New Jersey and other states are supporting the effort of a Navy veteran from Colorado to challenge the binary gender designations on passport applications. The case could affect how the federal government refers to non-binary individuals.
Several US states and municipalities filed a law suit earlier this week challenging “conscience” regulations, issued by the Department of Health and Human Services (HHS), which allow individual health care providers to deny health care information, access, and coverage based upon objections related to personal “conscience".
Last week, Connecticut Attorney General William Tong, 42 other state attorneys general, and Puerto Rico filed a lawsuit in federal court in Connecticut against 20 manufacturers of generic drugs. The lawsuit alleges that the manufacturers are engaged in an illegal price-fixing scheme, driving up the costs of generic drugs for consumers, sometimes by several thousand percent. Over 500 pages, the complaint describes in detail the historical behavior of the companies that allegedly amounts to 33 counts of anti-competitive behavior in violation of federal antitrust law.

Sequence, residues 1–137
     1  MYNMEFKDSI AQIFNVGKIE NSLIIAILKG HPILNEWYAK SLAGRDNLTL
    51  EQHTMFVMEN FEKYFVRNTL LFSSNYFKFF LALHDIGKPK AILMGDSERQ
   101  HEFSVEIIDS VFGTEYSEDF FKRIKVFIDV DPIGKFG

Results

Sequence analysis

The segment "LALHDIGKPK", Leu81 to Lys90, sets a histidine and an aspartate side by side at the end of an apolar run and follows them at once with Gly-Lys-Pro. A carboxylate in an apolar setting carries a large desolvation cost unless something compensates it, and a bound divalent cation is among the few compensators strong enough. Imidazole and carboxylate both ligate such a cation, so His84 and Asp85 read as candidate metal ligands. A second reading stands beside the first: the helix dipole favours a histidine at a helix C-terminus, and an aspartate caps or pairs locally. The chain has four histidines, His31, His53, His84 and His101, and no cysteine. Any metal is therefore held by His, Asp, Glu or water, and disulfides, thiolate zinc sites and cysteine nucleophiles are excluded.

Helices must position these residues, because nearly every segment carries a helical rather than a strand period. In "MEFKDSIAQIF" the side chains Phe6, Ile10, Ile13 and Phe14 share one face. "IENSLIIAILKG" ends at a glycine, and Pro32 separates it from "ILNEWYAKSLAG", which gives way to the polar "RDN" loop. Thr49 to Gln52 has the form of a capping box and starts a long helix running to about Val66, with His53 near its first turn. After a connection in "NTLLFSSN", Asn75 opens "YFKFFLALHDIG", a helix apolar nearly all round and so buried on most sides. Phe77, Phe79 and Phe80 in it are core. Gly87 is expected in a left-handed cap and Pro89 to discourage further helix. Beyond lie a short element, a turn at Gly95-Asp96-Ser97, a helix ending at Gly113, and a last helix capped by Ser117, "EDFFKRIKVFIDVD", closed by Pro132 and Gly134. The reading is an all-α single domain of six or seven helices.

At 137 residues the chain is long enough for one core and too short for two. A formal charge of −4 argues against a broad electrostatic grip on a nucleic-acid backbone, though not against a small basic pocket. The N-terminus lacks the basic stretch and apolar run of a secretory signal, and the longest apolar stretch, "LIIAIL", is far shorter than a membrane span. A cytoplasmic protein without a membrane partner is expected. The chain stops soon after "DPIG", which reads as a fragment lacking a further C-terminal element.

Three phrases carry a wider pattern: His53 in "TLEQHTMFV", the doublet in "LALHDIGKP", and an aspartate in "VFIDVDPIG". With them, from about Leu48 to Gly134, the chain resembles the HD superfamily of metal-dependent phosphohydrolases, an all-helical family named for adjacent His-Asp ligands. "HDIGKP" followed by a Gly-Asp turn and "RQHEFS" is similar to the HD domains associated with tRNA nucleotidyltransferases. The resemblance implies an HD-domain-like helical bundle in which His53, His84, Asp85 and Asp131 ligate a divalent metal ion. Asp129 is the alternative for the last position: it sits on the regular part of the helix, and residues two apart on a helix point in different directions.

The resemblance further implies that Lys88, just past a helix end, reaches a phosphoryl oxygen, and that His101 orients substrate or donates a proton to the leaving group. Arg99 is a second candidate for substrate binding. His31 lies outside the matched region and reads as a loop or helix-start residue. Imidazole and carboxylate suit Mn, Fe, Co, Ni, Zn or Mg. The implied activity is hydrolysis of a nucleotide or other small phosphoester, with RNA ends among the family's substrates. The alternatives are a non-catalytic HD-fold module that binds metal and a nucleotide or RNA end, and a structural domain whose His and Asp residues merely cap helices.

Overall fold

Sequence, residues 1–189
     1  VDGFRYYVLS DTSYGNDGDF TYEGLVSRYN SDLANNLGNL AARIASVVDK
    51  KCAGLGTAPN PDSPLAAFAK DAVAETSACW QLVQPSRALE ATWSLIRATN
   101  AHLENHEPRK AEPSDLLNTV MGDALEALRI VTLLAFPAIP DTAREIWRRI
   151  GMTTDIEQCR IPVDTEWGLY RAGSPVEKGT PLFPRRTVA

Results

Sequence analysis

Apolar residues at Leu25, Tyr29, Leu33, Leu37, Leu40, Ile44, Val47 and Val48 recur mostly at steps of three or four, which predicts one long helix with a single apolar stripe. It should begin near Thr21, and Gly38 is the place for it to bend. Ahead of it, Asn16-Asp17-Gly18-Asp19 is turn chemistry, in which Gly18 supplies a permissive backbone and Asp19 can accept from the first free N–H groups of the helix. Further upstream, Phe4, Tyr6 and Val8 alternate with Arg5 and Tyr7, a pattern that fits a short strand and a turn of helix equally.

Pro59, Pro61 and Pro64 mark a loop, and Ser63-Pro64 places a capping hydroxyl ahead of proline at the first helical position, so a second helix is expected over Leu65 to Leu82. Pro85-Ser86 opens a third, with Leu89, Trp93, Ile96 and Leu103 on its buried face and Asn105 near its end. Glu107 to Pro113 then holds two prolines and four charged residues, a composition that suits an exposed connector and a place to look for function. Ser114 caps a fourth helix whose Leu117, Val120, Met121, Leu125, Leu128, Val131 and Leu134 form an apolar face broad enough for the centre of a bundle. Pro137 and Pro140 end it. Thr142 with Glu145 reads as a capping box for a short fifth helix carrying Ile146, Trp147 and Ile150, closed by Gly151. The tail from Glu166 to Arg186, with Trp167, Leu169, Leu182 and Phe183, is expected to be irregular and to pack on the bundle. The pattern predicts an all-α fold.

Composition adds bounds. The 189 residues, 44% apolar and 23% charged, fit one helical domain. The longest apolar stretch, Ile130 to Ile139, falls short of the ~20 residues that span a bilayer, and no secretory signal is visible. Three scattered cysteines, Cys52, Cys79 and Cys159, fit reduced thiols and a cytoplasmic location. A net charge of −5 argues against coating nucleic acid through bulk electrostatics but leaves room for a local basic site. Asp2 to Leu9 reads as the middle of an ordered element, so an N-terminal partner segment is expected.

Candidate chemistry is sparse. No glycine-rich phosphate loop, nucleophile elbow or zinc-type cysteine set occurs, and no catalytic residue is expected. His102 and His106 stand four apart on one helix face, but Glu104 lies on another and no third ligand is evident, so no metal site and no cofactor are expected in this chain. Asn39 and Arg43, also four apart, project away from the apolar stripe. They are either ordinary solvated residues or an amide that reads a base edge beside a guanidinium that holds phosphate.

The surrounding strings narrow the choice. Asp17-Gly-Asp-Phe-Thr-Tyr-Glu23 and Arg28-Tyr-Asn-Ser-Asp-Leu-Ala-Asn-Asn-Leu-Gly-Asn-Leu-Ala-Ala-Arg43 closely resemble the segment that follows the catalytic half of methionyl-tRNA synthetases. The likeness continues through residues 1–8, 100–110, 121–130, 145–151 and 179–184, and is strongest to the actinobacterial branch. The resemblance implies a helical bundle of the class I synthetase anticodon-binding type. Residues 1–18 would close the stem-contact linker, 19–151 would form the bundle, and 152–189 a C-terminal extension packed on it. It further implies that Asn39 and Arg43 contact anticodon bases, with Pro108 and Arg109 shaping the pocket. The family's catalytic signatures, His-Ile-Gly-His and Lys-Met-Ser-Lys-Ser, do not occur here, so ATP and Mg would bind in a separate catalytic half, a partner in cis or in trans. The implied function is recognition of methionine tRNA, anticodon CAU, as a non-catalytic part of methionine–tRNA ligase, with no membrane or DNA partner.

iPhone Users to Proceed With Lawsuit Against Apple, Inc. for Alleged Monopolization of the App Market
On Monday, May 13, 2019, the United States Supreme Court granted certiorari in Apple, Inc. v. Pepper, 587 U.S. __ (2019). Four iPhone users sued Apple, Inc., alleging that the company monopolized the app market, which resulted in higher-than-competitive prices for apps. Apple argued that the consumer-plaintiffs were barred from suing Apple since the consumer-plaintiffs were not "direct purchasers" from Apple, as defined in Illinois Brick Co. v. Illinois, 431 U.S. 720, 745-746 (1977). The District Court agreed with Apple, while the Ninth Circuit Court of Appeals reversed and concluded that the consumer-plaintiffs were direct purchasers because they purchased the apps directly from Apple.
The family of a 24-year-old bartender who was employed at a Florida restaurant owned by Tiger Woods is suing the pro golfer for wrongful death. The lawsuit states that Woods and his girlfriend, who allegedly manages the restaurant, should have stopped the employee from drinking excessively, which he reportedly did before dying in a single-vehicle car crash.
In a new ruling, Judge Dana Sabraw has given the federal government six months to locate children separated from their families at the border under the Trump administration's "zero tolerance" immigration policy. Though many of the more than 2000 children the government took from their families have since been reunited pursuant to a June 2018 court order, reports indicate that there may be thousands more children that are currently unaccounted for.